Prince Khalid Abdullah, owner of Juddmonte Farms

Prince Khalid Abdullah, owner of Juddmonte Farms

Anne M. Eberhardt

Juddmonte Leading British Breeder

Cheveley Park Stud had won award last two years.

Edited press release

For the fifth time this century, Khalid Abdullah’s Juddmonte Farms has won the Queen’s Silver Cup awarded to the leading British-based breeder (flat) who has accrued the most prize money in Great Britain and Ireland from mares normally resident in the United Kingdom.

Juddmonte’s success halts the march of Cheveley Park Stud, winner of the award in both 2006 and 2007.
The 2008 Thoroughbred Breeders’ Association Awards, announced Dec. 15, acknowledge the notable achievements of a diverse selection of British breeders.The awards will be presented at the TBA Annual Awards Lunch in London Jan.  6, 2009 and will follow the 92nd Annual General Meeting of the TBA, being held at the Hyatt Regency Churchill Hotel in Portman Square.

In addition to the winners announced Dec. 15, additional awards to be announced and presented at the dinner are the Duke of Devonshire Award and the Dominion Award.

African Rose and Promising Lead were the pick of the Juddmonte homebreds in 2008. The former won the Group I Ladbrokes Sprint Cup at Doncaster in September, while Promising Lead literally led the way with victory in the Group I Audi Pretty Polly Stakes at the Curragh in June. The latter had previously won the Group III Middleton Stakes at York.

Abdullah’s operation was rewarded further thanks to the remarkable achievement of Promising Lead’s dam Arrive, who follows her full-sister, Hasili, in winning the H. J. Joel Silver Salver as the British-based Broodmare of the Year.

Pivotal maintains his position as the top British-based stallion, taking his third successive Barleythorpe Cup for the leading flat sire in terms of individual winners. The Cheveley Park Stud stallion sired 55 individual winners in 2008, four more than his nearest rival, Oasis Dream. The homebred son of Polar Falcon repeats another success of last year in receiving a second consecutive BBA Silver Cigar Box, given to the leading British-based stallion according to earnings. Pivotal’s progeny in Britain accrued £1,828,187 in prize money. He collects both awards for the third time, having also completed the double in 2004.

Pivotal’s top performer on the track during the year was the Boylesports Irish One Thousand Guineas winner Halfway To Heaven. The Aidan O’Brien-trained filly gained further group I triumphs in the Blue Square Nassau Stakes at Goodwood and the Kingdom Of Bahrain Sun Chariot Stakes at Newmarket.

Lucky Story receives the Tattersalls Silver Salver as the leading British-based first season flat sire with six individual winners of 10 races and total prize money of £165,419. His best performer was the Michael Bell-trained Art Connoisseur, successful in the Group II Coventry Stakes at Royal Ascot and runner-up in the Group I Phoenix Stakes. Lucky Story is a stallion at David Redvers’ Tweenhills Farm & Stud, which also stands Ishiguru who went close to winning this award in 2006 after Hellvelyn also won the Coventry Stakes and was second in the Phoenix Stakes.

Roisin Close, who works at Tweenhills, won the TBA Annual Stud Staff Award, sponsored by New England Stud.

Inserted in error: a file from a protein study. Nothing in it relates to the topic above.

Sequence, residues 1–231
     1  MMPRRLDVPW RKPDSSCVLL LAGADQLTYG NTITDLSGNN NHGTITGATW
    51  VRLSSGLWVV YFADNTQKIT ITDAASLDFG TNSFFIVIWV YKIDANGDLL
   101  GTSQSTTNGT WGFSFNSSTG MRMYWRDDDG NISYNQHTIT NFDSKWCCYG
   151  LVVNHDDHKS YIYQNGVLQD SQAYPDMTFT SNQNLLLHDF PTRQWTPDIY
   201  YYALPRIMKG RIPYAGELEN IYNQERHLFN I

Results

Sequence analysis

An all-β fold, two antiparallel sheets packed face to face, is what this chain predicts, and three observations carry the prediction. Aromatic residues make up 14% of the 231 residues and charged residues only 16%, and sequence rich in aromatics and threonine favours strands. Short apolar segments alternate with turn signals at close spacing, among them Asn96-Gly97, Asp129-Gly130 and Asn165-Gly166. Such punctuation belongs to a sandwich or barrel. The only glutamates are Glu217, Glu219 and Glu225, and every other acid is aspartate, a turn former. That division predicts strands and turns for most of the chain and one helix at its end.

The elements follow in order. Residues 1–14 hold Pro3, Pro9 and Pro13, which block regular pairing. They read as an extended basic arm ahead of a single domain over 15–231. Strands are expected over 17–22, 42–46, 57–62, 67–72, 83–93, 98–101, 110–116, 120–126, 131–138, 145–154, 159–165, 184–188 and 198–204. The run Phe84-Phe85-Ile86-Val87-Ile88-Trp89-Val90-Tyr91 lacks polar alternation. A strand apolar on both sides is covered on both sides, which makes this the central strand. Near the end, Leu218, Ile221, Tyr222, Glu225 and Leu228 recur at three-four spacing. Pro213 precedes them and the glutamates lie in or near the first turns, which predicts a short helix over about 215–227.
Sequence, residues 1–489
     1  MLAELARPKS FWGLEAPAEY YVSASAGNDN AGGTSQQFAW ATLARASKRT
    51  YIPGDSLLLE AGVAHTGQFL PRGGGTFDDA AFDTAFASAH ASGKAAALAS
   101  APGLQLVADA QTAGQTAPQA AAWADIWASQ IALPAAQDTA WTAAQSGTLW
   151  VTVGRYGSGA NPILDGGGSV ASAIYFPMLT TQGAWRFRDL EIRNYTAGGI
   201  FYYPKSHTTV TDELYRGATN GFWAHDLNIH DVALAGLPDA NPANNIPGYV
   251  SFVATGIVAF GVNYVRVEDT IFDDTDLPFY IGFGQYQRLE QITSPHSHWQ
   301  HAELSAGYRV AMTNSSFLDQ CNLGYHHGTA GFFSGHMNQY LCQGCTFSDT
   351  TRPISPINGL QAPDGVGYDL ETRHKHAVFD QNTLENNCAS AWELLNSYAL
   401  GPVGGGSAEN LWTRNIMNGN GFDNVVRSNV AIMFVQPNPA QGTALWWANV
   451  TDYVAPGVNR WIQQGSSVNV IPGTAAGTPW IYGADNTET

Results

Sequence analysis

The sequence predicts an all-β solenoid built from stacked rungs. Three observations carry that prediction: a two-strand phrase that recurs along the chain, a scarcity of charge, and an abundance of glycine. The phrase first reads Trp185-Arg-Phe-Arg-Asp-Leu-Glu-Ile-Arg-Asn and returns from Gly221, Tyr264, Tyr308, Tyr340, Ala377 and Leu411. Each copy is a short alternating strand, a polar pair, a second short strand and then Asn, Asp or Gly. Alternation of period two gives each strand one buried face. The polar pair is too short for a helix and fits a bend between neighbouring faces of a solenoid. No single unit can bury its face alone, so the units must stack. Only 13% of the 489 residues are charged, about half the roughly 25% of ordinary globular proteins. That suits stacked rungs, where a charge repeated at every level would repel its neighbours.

Lawn Stud enjoyed classic success in 2008 thanks to the brilliant Oaks victory of Look Here. The homebred filly also finished runner-up in the Lingfield Oaks Trial, a race in which her close relation Kayah was successful, and rounded off her season with a good third in the St Leger behind Conduit. Look Here’s exploits have clinched the TBA Silver Rose Bowl for the stud, owned by her owner/breeders Julian and Sarah Richmond-Watson. The accolade is a discretionary award presented to the flat breeder of the year.

Carole’s Crusader won the Dudgeon Cup as National Hunt Broodmare of the Year. The 17-year-old mare resides at Paul Murphy’s Wychnor Park Stud in Staffordshire and is the dam of three exciting young jumping prospects.

Alflora, who stands at Shade Oak Stud in Shropshire, wins his fifth consecutive Horse & Hound Cup for the leading active British-based National Hunt stallion based on individual winners. The 19-year-old Niniski stallion had 10 winners of 17 chases, the best being Hobbs Hill, successful in the Berkshire Novices’ Chase at Newbury and Ascot’s BGC Noel Novices’ Chase.

Another accolade heading to Shropshire is the Whitbread Silver Salver for the leading active British-based National Hunt stallion based on earnings. This award goes to Overbury, who stands at Richard Kent’s Mickley Stud, whose five-strong stallion team also consists of Central Park, Beat All, Multiplex, and Needwood Blade. The 17-year-old Caerleon stallion sired 23 winners of 31 races for total earnings of £223,315.

The Queen Mother’s Silver Salver National Hunt Achievement Award goes to Robert Chugg of Little Lodge Farm near Droitwich. A former leading amateur jockey, Chugg purchased his foundation mare, Laurello, 30 years ago and is a leading purveyor of store horses.

Ann Jenkins, who died in October, receives the TBA Silver Salver of Special Merit. Widely respected in the bloodstock business, Jenkins managed Heatherwold Stud in Berkshire for 45 years. Having been appointed to the position by Elisabeth Longton in 1959, she eventually became the owner of the stud before selling up in 2003.

Devon breeder James Clark of Southcombe Farm receives the Langham Cup, awarded to the Small Breeder of the Year. This is thanks to the group I winning exploits of the Robin Bastiman-trained Borderlescott, who triumphed in the Nunthorpe Stakes at Newmarket and was a fine third to champion sprinter Marchand D’Or in the Prix de l’Abbaye (Fr-I) at Longchamp.